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A mountain range at sunset with sun rays shining through the clouds, captivating viewers with its breathtaking beauty.

Imagine getting a DNA test for fun or curiosity, only to have your sensitive genetic information stolen by cybercriminals. That’s exactly what happened to millions of 23andMe customers this past October. As a result, the genetic testing provider is now facing multiple lawsuits and has decided to change its Terms of Use to make it harder for people to sue the company. Let’s dive into the details and see what this means for you.

The Credential Stuffing Attack on 23andMe

In October, a malicious threat actor tried to sell 23andMe customer data. When they failed to find a buyer, they leaked the data of 1 million Ashkenazi Jews and 4.1 million people living in the United Kingdom. We found out from 23andMe that the data was obtained through a credential stuffing attack, wherein the criminals breached customer accounts using stolen login information. They then used the “DNA Relatives” feature to scrape the data of millions of individuals.

Since then, 23andMe has reported that a total of 6.9 million people were impacted by the breach – 5.5 million through the “DNA Relatives” feature and 1.4 million through the “Family Tree” feature.

23andMe’s Response: Updating Terms of Use to Prevent Lawsuits

As you can imagine, this massive breach has led to a flurry of lawsuits against the company. In response, 23andMe updated its Terms of Use on November 30th to include a provision requiring mandatory arbitration for all disputes, rather than allowing for jury trials or class action lawsuits.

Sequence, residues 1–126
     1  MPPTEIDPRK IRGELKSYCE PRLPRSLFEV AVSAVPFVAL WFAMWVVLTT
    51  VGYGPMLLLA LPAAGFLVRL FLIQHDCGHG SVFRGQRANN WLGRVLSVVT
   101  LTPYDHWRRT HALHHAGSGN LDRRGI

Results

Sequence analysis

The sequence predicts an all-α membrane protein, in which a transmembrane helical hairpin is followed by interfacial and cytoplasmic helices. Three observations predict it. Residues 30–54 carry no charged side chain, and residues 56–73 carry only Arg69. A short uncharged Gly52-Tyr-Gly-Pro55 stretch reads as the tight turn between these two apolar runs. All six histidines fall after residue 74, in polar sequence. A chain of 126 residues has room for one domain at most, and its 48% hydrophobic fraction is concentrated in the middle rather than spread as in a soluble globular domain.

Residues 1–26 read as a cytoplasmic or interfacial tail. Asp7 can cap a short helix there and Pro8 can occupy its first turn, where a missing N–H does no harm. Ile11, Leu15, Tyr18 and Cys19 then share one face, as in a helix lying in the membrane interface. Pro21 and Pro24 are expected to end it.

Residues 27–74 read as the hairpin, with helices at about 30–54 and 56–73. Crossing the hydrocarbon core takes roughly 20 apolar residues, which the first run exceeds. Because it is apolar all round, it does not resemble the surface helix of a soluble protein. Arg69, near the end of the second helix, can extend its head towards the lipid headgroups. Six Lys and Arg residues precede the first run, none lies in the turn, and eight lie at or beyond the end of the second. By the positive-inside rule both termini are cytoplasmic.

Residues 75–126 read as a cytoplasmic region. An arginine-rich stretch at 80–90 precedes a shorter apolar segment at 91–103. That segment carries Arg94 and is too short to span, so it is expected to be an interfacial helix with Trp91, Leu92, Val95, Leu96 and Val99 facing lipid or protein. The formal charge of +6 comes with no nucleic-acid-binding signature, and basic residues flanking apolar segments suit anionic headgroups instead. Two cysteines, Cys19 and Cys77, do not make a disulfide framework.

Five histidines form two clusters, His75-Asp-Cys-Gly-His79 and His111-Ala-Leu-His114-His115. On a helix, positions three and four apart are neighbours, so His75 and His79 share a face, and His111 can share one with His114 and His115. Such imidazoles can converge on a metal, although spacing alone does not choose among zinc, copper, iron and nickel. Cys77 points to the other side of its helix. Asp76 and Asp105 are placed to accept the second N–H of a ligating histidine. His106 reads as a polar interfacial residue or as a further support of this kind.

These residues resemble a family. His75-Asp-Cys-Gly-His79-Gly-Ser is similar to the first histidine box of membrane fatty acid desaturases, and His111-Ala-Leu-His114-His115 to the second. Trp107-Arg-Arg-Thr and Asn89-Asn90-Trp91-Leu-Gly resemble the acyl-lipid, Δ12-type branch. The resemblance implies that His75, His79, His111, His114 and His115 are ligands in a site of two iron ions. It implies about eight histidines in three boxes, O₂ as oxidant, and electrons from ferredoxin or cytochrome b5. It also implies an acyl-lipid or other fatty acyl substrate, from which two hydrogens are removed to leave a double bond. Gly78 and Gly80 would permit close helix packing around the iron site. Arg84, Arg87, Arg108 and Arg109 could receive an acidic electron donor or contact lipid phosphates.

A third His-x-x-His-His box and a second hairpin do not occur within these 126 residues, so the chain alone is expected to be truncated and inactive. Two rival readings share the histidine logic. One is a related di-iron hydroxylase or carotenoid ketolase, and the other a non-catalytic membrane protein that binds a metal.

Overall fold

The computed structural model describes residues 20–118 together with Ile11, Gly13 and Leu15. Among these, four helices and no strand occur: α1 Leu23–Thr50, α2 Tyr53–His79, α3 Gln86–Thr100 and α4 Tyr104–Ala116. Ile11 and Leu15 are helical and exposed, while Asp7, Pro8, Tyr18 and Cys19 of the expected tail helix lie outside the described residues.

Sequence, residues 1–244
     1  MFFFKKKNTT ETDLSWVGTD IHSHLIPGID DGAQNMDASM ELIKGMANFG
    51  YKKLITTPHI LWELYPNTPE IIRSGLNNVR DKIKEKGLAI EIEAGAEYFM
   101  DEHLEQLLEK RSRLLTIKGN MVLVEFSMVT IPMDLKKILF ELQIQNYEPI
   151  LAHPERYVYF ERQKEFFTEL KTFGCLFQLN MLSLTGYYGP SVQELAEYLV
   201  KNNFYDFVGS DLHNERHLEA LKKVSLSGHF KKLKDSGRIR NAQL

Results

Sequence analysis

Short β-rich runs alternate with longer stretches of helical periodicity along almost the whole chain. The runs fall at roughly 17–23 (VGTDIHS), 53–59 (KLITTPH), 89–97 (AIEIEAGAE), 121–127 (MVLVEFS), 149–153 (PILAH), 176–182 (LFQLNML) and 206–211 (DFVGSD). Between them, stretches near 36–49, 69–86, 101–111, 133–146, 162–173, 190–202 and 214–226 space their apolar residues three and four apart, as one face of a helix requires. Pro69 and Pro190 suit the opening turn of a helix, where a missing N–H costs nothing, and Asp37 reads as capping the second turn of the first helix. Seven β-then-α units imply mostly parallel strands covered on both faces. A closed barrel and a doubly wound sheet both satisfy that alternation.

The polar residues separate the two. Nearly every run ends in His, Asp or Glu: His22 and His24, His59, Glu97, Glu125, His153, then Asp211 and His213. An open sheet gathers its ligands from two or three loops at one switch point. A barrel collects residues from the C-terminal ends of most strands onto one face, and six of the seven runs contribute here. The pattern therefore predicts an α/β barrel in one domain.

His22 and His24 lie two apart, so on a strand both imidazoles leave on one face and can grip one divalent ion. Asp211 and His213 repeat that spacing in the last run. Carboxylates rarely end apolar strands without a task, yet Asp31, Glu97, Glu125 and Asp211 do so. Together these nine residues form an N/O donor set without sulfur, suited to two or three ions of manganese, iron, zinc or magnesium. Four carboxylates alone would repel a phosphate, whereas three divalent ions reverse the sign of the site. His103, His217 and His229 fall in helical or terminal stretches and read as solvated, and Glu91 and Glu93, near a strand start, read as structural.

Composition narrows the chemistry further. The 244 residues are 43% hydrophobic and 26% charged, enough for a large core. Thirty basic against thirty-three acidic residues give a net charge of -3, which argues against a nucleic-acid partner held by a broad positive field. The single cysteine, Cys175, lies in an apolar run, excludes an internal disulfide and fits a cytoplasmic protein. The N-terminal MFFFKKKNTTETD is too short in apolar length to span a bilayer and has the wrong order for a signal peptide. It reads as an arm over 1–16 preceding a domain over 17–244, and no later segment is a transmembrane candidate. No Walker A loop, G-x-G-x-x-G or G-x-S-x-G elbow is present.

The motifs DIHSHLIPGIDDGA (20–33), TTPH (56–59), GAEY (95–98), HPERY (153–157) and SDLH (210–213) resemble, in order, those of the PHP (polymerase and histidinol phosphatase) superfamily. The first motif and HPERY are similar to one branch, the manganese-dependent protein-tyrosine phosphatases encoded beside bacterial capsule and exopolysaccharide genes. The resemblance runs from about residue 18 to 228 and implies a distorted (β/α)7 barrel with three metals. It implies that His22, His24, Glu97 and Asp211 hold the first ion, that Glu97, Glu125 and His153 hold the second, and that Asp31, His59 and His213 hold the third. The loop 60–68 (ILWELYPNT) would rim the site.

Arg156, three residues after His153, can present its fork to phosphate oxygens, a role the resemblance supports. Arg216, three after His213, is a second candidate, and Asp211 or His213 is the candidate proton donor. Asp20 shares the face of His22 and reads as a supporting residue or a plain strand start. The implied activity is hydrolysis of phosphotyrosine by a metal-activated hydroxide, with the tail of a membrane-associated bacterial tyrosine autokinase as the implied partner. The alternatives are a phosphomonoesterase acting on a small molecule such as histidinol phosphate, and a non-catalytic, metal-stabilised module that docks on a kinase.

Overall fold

The updated Terms of Use state, “These terms of service contain a mandatory arbitration of disputes provision that requires the use of arbitration on an individual basis to resolve disputes in certain circumstances, rather than jury trials or class action lawsuits.”

Users were informed of this change via email, and they had 30 days from the notification to disagree with the new terms by contacting 23andMe. Those who disputed the update would remain on the previous Terms of Service.

Will This Change Protect 23andMe from Lawsuits?

According to Nancy Kim, a professor at the Chicago-Kent College of Law, it’s unlikely that this change in the Terms of Use will protect 23andMe from lawsuits. She told Axios that it would be difficult for the company to prove they gave customers reasonable notice to opt out of the new terms.